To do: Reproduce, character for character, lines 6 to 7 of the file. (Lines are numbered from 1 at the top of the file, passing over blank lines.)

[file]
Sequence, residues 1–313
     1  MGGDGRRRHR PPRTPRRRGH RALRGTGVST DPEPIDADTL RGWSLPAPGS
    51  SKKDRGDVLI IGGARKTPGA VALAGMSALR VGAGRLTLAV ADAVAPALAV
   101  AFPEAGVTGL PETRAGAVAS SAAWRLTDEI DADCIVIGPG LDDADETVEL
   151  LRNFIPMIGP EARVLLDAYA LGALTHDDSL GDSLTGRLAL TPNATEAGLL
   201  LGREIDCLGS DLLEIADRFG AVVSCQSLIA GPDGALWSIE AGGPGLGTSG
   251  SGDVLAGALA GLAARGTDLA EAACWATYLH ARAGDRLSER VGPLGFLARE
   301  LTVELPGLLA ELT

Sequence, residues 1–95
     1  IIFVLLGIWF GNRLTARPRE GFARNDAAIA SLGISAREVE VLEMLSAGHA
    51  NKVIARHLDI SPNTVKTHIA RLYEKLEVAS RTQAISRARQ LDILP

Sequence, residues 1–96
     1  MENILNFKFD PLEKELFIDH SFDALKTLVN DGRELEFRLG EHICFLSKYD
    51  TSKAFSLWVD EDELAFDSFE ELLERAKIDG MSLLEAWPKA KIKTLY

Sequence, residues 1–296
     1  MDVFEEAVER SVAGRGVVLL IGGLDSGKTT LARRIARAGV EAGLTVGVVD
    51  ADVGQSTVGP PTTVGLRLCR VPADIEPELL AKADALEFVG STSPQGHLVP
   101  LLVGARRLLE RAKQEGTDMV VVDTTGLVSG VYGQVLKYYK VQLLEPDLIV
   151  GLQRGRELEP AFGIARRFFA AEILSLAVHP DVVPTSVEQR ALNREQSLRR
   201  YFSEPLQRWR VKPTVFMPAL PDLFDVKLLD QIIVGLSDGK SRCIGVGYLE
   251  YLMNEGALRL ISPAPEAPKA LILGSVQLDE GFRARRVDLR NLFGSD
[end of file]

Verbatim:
   201  LGREIDCLGS DLLEIADRFG AVVSCQSLIA GPDGALWSIE AGGPGLGTSG
   251  SGDVLAGALA GLAARGTDLA EAACWATYLH ARAGDRLSER VGPLGFLARE